Mueller is Mostly Independent: He Cannot Lawfully Be Easily Constrained or Fired
Contrary to popular belief and statements in the media, Special Counsel Robert Mueller has legal independence and most of his actions are generally not subject to Department of Justice oversight.
The reason for appointing a Special Counsel, in the first instance, is due to an appearance of conflict of interest. DOJ employees would be investigating their boss (the president) and would be likely viewed as biased in his favor. For that reason, when the Independent Counsel law expired and Congress did not renew it, DOJ needed a set of regulations in place to govern the appointment of a Special Counsel.
The regulations give the Special Counsel (Mueller) powers to act as though he is a US Attorney, with full powers to indict and prosecute crimes discovered. Contrary to popular belief, Mueller need not check in with DOJ (currently, Whitaker) as to most of his conduct.
Section 600.6 of the Regulations states:
§ 600.6 Powers and authority.
Subject to the limitations in the following paragraphs, the Special Counsel shall exercise, within the scope of his or her jurisdiction, the full power and independent authority to exercise all investigative and prosecutorial functions of any United States Attorney. Except as provided in this part, the Special Counsel shall determine whether and to what extent to inform or consult with the Attorney General or others within the Department about the conduct of his or her duties and responsibilities.
Therefore, Mueller is free to investigate, indict and prosecute anyone within the scope of his appointment. His scope includes Russia / Trump campaign coordination re: the election, other crimes that are discovered during the investigation, and any Obstruction of Justice, Perjury or crimes committed during the investigation.
In the DOJ “Justice Manual” there are, however, some actions that would require a typical US Attorney to obtain authority and/or consultation with the Mother Ship / DOJ. Since Mueller, as the Regulation requires, must follow DOJ rules, practices, and procedures, he must obtain approval and/or consult on certain matters. Notable absent from the Manual, however, is any necessary prior approval to indict any governmental official as to almost all crimes. This means that Mueller can seek to have a grand jury indict Trump without prior approval of the DOJ, depending upon the crimes involved. If the crimes involve espionage or national security, for example, permission to indict would be required. But it is not at all clear as to whether crimes potentially committed by the president fall into those categories.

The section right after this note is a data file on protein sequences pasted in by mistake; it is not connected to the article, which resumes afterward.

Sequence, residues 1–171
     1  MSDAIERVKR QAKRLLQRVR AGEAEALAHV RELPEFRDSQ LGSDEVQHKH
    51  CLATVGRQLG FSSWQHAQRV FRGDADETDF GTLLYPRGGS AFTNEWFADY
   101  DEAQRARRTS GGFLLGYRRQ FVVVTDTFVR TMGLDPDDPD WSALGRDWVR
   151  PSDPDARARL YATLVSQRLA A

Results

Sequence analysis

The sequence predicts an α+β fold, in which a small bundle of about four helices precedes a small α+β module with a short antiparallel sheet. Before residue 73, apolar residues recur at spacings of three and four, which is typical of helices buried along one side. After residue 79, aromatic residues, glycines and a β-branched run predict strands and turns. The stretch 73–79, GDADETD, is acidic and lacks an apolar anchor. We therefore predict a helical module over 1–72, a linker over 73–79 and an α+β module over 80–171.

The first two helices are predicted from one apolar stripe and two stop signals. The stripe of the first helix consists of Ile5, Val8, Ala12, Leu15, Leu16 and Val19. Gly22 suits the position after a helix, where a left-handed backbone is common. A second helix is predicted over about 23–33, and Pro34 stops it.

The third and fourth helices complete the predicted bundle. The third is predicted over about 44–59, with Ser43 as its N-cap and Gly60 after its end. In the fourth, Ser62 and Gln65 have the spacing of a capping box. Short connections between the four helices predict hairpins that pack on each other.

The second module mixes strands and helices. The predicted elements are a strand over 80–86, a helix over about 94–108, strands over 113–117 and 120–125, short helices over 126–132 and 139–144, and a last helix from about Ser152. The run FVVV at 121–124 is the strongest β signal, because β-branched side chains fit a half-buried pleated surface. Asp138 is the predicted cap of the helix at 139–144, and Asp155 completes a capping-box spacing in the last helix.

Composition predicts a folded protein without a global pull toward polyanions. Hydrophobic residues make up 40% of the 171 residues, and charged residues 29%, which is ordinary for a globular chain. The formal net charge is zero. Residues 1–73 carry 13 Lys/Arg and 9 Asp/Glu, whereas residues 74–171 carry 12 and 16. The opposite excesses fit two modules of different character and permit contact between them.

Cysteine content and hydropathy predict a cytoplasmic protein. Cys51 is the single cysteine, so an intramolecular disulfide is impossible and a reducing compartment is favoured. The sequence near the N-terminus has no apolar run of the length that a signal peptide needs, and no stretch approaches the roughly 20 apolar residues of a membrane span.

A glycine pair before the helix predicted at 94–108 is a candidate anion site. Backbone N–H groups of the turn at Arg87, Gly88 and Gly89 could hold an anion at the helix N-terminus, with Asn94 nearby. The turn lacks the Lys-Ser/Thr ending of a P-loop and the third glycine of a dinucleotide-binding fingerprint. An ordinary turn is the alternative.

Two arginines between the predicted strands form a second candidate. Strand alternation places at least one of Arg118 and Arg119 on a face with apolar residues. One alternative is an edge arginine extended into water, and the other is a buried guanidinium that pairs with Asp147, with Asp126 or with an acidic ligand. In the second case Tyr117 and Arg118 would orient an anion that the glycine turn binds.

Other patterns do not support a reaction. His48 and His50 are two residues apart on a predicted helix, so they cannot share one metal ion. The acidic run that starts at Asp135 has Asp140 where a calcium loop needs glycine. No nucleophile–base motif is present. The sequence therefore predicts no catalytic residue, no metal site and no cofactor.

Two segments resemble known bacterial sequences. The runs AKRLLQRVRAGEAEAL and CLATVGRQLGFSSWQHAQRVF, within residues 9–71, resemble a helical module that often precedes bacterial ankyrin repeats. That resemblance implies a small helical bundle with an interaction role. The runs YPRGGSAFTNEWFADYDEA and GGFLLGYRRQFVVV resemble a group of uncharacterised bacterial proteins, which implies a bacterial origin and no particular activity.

A review of the Justice Manual appears to indicate that Mueller has already likely obtained DOJ approvals for many of his recent actions (or did not need approvals) in situations that could implicate the president in criminal activity. For example, Michael Cohen was charged with the crime of lying to Congress. In that plea arrangement, it is documented that the prosecutors apparently have proof that the president may have: (1) violated the Foreign Corrupt Practices Act, (2) lied to the FBI and Muller’s team about the Trump Tower Moscow project, (3) engaged in witness tampering, (4) engaged in conspiracy to commit perjury, and (5) obstructed justice. These are all federal crimes carrying significant potential jail terms, and prosecutors are clearly pursuing these aspects of their investigations — that directly involve the president. This is also true regarding the Michael Cohen related investigations in the Southern District of New York, where the president is notably implicated in crimes already, with corroborating documents and witnesses (not just Michael Cohen’s sworn statements).
The conventional media speak, such as “Mueller is supervised by DOJ” or that he can be “stopped” from taking certain actions is mostly wrong — as matter of law.
Mueller’s accountability is governed by §600.7 of the regulations. If DOJ (now Acting AG Whitaker) determines that any action by Mueller is “so inappropriate or unwarranted under established DOJ practices…” he can only report that to Congress. The Regulation does not say that the AG / DOJ can “stop” the conduct of the Special Counsel, but rather that DOJ can only tell Congress about it. And Congress can only make it public and can do little else and cannot stop the conduct either. Therefore, the media is repeatedly and critically misinformed about the law.